Semiotics: Sign, Signifier, Signified

Semiotics is a theory of communication.Review scholarship on how humans use and interpret signs to communicate, learn, and to develop new knowledge,

Semiotics: A totem pole has faces with many different meanings

What is Semiotics?

Semiotics is the study of signs and symbols, as well as their use and interpretation. Semiotics explores how humans use and interpret signs and symbols to communicate, to learn, and to develop knowledge.

This interdisciplinary field, which encompasses linguistics, philosophy, and anthropology, seeks to understand how meaning is created, transmitted, and interpreted through various types of symbolic systems.

Key Concepts: Communication; Symbolic Thinking; Textual Research; Textual Analysis; Symbol Analyst.


Semiotics has a robust intellectual history. Since antiquity, philosophers and linguists have theorized about the nature of signs, interpretation, and meaning, including Cicero, Augustine, Locke, Peirce (Raposa 2003).

Augustine is sometimes credited as the founder of semiotics, the study of signs. In De Doctrina Christiana, Augustine wrote

  • “a sign is a thing which causes us to think of something beyond the impression the thing itself makes upon the senses
  • “all instruction is either about things or about signs; but things are learnt by means of signs” (Meier-Oeser, Stephan)

Ferdinand de Saussure

Others point to Ferdinand de Saussure as the father of semiotics. In his lectures to his students at University of Geneva between 1906 to 1911, Ferdinand de Saussure theorized that signs are (1) a signifier (i.e., a word or symbol) and (2) a signified (i.e., an underlying meaning associated with the signifier.

Saussure’s theory emphasizes the arbitrary nature of the relationship between the signifier and the signified, which means that the meanings attached to signs are not inherently linked to their physical form but are instead determined by cultural conventions and social agreements.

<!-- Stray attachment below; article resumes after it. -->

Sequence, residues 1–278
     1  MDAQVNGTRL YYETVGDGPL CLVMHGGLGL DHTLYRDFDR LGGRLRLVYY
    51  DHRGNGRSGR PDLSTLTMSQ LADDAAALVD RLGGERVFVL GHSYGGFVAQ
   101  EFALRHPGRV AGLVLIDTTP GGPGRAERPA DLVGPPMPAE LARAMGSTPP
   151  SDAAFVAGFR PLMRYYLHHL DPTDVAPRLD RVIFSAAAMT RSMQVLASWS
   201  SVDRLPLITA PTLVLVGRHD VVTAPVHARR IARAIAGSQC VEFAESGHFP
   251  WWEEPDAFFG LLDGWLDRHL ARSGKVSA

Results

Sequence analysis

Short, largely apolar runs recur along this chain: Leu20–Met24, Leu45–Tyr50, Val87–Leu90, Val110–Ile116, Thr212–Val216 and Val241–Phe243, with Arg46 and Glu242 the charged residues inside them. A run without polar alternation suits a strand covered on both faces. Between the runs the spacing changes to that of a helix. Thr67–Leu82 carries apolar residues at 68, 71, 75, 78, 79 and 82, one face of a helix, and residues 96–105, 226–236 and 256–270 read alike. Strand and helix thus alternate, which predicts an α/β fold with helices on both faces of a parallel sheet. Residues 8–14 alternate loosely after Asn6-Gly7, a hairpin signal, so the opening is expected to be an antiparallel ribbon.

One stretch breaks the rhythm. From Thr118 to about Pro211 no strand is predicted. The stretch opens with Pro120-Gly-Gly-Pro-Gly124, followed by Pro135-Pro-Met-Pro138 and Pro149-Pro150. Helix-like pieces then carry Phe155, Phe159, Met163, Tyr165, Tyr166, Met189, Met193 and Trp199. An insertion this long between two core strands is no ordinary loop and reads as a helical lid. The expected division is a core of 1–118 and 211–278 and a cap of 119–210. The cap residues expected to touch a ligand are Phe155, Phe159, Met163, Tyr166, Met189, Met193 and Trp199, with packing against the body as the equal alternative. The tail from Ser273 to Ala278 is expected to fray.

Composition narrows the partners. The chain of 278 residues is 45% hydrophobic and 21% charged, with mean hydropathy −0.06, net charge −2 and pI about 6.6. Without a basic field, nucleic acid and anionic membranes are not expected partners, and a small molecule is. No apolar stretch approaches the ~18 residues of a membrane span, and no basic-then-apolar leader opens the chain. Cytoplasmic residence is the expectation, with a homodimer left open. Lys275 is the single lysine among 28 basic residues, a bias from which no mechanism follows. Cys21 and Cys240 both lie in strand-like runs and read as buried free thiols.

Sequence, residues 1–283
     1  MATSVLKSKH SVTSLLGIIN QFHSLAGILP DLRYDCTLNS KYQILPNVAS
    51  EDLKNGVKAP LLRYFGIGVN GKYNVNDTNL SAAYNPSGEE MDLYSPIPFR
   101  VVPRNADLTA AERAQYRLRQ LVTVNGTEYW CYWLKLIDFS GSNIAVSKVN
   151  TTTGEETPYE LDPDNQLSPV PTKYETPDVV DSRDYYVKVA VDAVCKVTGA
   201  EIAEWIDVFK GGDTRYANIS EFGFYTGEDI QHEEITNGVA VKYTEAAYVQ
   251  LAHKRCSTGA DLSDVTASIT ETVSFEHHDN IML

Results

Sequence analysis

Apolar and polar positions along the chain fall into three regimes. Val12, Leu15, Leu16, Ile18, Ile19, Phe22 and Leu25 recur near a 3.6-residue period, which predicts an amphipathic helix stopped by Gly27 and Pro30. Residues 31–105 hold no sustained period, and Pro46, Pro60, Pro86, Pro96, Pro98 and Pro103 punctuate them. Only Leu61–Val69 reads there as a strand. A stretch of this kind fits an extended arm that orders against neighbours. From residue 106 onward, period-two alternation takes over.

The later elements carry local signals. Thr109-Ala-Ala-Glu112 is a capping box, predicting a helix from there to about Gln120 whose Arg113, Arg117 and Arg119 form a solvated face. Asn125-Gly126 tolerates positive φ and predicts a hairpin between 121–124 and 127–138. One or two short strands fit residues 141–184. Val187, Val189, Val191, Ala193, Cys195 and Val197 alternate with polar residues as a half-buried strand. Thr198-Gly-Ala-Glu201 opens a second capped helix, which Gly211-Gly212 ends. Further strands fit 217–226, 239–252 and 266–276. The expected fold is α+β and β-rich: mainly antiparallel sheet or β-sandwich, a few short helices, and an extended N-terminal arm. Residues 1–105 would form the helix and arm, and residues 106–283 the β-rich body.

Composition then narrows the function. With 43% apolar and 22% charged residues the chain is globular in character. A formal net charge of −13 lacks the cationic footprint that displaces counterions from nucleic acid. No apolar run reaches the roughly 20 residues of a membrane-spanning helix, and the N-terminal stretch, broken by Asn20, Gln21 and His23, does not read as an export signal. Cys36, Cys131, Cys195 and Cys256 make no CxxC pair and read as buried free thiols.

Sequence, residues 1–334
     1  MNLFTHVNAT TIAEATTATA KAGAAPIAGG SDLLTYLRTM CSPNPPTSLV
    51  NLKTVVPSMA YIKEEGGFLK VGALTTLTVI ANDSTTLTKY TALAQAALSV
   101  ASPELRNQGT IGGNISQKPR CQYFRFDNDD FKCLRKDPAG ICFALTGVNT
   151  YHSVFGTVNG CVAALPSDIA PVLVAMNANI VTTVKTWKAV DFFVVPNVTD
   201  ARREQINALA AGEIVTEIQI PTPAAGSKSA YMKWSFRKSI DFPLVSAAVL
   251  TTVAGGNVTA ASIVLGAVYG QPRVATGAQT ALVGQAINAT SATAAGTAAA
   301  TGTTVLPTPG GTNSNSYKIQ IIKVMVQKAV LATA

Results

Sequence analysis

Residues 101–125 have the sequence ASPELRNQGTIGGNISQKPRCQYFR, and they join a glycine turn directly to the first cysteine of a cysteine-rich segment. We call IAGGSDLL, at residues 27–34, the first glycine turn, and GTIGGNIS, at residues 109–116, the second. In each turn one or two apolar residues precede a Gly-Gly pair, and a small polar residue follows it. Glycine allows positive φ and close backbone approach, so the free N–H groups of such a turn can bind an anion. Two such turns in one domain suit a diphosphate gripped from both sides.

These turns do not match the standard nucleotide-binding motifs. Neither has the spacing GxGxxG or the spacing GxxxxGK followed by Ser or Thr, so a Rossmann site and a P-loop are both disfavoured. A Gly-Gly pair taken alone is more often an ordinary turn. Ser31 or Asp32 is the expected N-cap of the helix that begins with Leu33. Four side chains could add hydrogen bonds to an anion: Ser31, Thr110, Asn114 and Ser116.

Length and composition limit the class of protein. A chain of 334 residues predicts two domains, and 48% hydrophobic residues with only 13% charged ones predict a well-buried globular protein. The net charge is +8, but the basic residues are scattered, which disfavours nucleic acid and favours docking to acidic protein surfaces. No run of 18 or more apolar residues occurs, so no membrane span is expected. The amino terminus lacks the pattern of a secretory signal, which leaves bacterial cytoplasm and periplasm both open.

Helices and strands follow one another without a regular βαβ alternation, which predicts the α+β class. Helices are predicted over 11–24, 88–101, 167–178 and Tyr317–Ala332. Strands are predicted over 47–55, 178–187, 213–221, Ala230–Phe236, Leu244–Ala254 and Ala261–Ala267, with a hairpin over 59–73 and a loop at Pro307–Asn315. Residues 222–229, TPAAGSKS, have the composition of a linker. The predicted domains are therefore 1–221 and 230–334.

Charles Sanders Peirce

Charles Sanders Peirce explored the role of signs in interpretation. He theorized signs can be categorized in three ways: (1) an icon; (2) an index; (3) a symbol.

iconAn icon physically resembles the signified. Example: a photograph
indexAn index somehow suggests, references, or indicates the signified in three possible ways: Track, Symptoms, Designations (Peirce qtd. in Huening 2020). (1) Tracks tend to have cause/effect relationships: the scent of cigarette smoke, a runner’s footprint on the beach. (2) Symptom: a fever may suggest an infection; a column of smoke, fire; a thermometer, the temperate. (3) Designation: a pointed finger, the word this, finger at you
symbolSymbols are arbitrary. Their usage is guided by convention. For example, alphabetical language is a social historical convention. “Any ordinary word, as ‘give,’ ‘bird,’ ‘marriage,’ is an example of a symbol” (Peirce 114).

Symbolic Systems

Symbolic systems are sets of symbols or signs that convey meaning and facilitate communication. They are essential in various domains, including language, mathematics, and computer science.